When every battle is like a boss battle...

Tsukihime

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Boss battles in RPG's tend to not be the kind where you just spam attack for 2 mins and then win. Usually you have to figure out some strategy in order to win.

Now what happens if this applies to absolutely every battle in the game? Of course you could turn off encounters if it really bores you and not having all those levels won't be a real issue anyways.

Would you be turned off? Having to actually think about how you're fighting even against slime rather than just rely on brute force and just spam your strongest skills. Of course at some point you'd be strong enough that brute force would work, but there'd be no point then.
 

Necromus

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For frequent encounters, that wouldn't really work imo, way too tedious.

If you just have a set ammount of battles, then that might work.

Games like Disgaea and tactic games alike are pretty much like that.
 

sabao

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Despain summed up my feelings very well.

If you're spiking difficulty up by a lot, consider the frequency and rewards. Too many battles that last well over ten minutes would distract players from actually progressing the story and the fatigue caused may turn them away from the game entirely.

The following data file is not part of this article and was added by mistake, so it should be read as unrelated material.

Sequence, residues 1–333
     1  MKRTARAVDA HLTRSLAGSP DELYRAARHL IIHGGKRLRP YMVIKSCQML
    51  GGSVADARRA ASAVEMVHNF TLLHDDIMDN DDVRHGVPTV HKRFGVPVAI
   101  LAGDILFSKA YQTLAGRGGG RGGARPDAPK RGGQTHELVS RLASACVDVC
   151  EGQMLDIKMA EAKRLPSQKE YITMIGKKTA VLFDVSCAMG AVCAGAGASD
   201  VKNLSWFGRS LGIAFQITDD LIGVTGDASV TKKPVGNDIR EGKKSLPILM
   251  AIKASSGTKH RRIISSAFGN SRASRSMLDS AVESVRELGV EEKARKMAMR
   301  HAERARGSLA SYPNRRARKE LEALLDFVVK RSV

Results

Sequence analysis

Zeramae

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Yep; you'd need for each battle to be brutal as a boss battle, but as quick as a regular battle, or make a limited number of them that doesn't overwhelm the player.

It kind of defeats the purpose of leveling up if it's done in the second fashion, and thus nearly defeats many other purposes like money and items. I myself love difficult battles, but I hate long battles worse than I do easy ones...oh never again will I fight those hour long boss battles where I know for a fact I'll win D=
 

.notsafety

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I'm fine with the majority of random encounters having straight-up murderers, but I don't think a lot of people want to play a game where each random fight requires a mini-analysis, several minutes worth of your time, and possibly just dumb luck. if the battles aren't very common though, then it'd probably be tolerable or perhaps appealing if executed properly.
 

Helladen

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Make the players think and not just spam attack, but make the duration of the fight quick.

I'm all for Chrono Trigger where they lay out a specific number of fights on the map ,so exploring doesn't feel like such a tedious task.
 

Kaelan

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Depends on how you implement it. That's basically how Monster Hunter works (technically there are easy enemies running around too, but you rarely bother actually fighting them beyond the tutorial areas in the game - usually you just go from boss to boss), and I love that game.

You'd definitely have to get rid of random encounters though.
 
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Ravenith

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No random encounters, not for ANY reason. Beyond that... there's much you can do.